OVERVIEW: The Charter School Growth Fund has been attracting wealth since it was launched in 2005, and it funnels those dollars into charter management organizations. For charter schools that have shown promising results, CSGF acts as a catalyst, providing the financial support needed to expand through both grants and low-interest loans for a variety of needs.
IP TAKE: For the top-performing charter schools — those with three years of high academic achievement — the CSGF is an invaluable funding source. Although student achievement is the most important grant criteria, grantseekers should also be on solid financial footing, and solid data is key to a successful application.
PROFILE: As stated on its website, the Charter School Growth Fund’s goal is precisely in line with what one would expect based on its name: it “identifies the country’s best charter schools, funds their expansion, and helps to increase their impact.” The fund has received backing from some of the biggest names in education philanthropy, including Gates, Broad, and Carnegie.
The Growth Fund’s impact is indeed widespread, as it offers significant funding to charter schools and networks in the form of multi-year grants and low-interest loans. In a recent year alone, the Fund gave dozens of grants and loans totaling tens of millions of dollars. Awards generally fell between $100,000 and $500,000, though occasionally, the Fund gave awards at the $1 million to $2 million mark.
The Growth Fund’s giving is classified into three categories:
- The National Fund goes to “non-profit organizations that operate multiple schools,” that “are opening more schools each year,” and that “are pioneering new ways to personalize learning to improve student outcomes.”
- Regional funds are directed at charter networks specifically in the state of Florida and the cities of Nashville, TN, Memphis, TN, and New Orleans, LA.
- The Emerging CMO Fund “is designed to increase the number of excellent charter school networks led by entrepreneurs with backgrounds that are similar to those of the students and families they serve” by giving “support [to] talented entrepreneurs of color who lead high-performing charter schools that have the potential to grow to two to five schools.”
In terms of what makes up its priority charter schools, CSGF states directly that it casts a wide net in terms of geography, pedagogical model, and network size. What it does want to see, however, are strong results and the potential for scalability. To achieve that end, CSGF works primarily with established networks that have proven academic success, and these schools must work with underserved student populations. A strong emphasis is also placed on leadership and financial stability, and networks with a solid plan for scalability are given priority.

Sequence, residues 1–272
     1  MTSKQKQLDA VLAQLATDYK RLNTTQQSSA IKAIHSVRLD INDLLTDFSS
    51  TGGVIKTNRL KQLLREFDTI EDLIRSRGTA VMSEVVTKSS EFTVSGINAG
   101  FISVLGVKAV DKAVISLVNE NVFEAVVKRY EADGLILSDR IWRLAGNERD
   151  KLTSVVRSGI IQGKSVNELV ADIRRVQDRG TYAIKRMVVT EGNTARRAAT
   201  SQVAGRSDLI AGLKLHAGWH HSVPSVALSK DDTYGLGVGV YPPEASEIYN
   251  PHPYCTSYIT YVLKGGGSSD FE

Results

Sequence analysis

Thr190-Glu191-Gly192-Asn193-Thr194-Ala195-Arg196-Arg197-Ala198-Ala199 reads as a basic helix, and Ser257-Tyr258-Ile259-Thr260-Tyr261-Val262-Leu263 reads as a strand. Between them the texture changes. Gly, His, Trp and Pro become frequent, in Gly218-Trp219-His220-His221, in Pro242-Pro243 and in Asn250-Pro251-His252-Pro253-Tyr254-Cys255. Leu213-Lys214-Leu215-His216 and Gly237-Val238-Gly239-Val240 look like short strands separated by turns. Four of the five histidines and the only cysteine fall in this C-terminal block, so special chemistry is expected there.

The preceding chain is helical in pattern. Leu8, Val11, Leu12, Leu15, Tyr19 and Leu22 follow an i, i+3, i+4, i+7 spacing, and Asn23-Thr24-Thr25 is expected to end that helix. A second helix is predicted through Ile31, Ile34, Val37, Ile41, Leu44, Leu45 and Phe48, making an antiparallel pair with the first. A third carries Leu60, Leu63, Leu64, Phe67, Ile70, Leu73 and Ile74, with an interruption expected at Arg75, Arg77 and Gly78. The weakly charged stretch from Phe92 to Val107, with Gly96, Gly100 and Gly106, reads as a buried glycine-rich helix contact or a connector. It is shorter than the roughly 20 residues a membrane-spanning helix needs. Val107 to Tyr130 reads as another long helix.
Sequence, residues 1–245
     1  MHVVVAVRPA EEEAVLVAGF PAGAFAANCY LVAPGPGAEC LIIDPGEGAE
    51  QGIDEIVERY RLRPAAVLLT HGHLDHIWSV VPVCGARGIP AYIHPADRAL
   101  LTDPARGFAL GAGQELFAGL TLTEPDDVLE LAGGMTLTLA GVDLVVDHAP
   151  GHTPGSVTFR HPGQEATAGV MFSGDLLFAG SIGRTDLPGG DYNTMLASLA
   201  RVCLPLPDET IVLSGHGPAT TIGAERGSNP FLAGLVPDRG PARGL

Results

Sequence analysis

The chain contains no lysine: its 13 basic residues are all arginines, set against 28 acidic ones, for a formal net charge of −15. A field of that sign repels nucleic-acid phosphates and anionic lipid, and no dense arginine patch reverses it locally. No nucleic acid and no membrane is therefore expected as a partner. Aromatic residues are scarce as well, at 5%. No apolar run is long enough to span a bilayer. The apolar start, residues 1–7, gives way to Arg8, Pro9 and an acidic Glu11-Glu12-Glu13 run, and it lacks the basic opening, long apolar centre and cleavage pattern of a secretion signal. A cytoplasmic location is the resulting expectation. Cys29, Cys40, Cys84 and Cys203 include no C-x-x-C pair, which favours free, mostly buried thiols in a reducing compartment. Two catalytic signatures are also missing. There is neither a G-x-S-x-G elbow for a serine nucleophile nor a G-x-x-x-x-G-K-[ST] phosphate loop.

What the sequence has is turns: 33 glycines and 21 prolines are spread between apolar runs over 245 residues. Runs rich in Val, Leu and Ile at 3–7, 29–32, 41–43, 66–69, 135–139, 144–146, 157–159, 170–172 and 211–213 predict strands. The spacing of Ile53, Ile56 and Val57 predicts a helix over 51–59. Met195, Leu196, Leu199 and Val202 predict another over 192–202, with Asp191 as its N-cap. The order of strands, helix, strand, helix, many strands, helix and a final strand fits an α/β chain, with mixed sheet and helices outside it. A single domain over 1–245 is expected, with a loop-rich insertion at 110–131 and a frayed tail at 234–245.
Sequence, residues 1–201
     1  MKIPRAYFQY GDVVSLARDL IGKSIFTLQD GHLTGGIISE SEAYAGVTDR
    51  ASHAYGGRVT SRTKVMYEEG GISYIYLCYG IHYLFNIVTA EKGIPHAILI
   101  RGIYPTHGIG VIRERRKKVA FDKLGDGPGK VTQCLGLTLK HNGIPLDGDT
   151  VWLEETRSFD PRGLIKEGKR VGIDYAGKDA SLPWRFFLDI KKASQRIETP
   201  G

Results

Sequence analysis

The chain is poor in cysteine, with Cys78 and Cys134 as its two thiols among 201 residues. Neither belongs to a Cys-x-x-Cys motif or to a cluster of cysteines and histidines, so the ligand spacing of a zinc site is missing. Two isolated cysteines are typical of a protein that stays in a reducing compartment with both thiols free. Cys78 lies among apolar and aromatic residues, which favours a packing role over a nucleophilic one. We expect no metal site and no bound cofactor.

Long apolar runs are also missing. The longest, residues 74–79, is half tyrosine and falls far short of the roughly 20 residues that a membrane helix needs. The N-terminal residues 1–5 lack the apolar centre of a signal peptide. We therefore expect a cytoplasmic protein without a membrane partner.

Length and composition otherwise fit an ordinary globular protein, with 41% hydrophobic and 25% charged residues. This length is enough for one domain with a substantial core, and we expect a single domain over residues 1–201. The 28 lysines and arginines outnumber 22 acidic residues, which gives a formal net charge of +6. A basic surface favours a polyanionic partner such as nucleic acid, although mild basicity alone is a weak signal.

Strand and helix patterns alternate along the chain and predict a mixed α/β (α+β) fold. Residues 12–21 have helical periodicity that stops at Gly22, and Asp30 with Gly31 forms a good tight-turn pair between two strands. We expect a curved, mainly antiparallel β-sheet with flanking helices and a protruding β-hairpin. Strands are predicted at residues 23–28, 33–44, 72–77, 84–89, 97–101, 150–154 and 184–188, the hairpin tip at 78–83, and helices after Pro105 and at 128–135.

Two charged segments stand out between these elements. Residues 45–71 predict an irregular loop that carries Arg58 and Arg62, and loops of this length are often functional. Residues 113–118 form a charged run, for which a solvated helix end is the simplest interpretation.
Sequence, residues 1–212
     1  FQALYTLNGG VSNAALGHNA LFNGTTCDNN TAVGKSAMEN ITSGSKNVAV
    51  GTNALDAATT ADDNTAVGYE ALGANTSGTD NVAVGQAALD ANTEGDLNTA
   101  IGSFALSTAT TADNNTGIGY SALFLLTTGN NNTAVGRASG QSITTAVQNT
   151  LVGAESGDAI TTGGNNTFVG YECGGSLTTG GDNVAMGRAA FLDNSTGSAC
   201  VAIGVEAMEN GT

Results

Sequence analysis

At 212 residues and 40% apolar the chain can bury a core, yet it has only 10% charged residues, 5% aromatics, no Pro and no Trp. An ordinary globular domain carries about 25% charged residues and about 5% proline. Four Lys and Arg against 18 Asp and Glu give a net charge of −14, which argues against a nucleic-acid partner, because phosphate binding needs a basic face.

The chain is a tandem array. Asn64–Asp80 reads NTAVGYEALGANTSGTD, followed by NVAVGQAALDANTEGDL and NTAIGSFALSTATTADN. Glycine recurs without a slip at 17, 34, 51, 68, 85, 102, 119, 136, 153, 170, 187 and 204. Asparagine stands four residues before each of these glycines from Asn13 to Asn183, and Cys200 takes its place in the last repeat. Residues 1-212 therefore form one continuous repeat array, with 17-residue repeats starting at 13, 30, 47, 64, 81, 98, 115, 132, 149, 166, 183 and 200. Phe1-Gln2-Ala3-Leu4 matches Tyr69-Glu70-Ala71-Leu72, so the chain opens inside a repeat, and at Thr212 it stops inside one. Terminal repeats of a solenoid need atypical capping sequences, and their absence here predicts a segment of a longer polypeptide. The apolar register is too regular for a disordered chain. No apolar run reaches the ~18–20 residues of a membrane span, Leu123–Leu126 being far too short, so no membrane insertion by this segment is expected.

One of the most important qualifications for a CSGF grant is “outstanding” performance. The Fund wants to see strong academic performance over a period of three years before it will even consider a charter school's grant application (rare exceptions may be made for organizations with two years of records). CSGF's measure of performance is largely based on three years of high performance on state or nationally normed testing (or both), though in certain cases standardized test results are not required or can be overcome if they are low. The bottom line: schools that do not have high marks on standardized tests may still qualify for support, but the Fund will expect to see consistent, year-over-year progress and improvement.
The Fund does not have an awards database, but its portfolio page provides a listing of its partners.
CSGF accepts applications throughout the year and funding decisions are made on a rolling basis. The Fund's initial screening process is blind and based on elements such as demographics, academic performance, and school management. Additionally, the school must be in good standing with its authorizer, and the school’s board must support the pursuit of a CSGF partnership. Before starting an application, be sure to review the Fund’s application process, including its eligibility requirements. Questions can be directed to firstname.lastname@example.org.
One last note: the Fund’s team is divided up into a relatively large number of people with region-specific responsibilities, so be sure to check out the staff page to get a better sense of who you would most likely be working with.
- Search for staff contact info and bios in PeopleFinder (paid subscribers only.)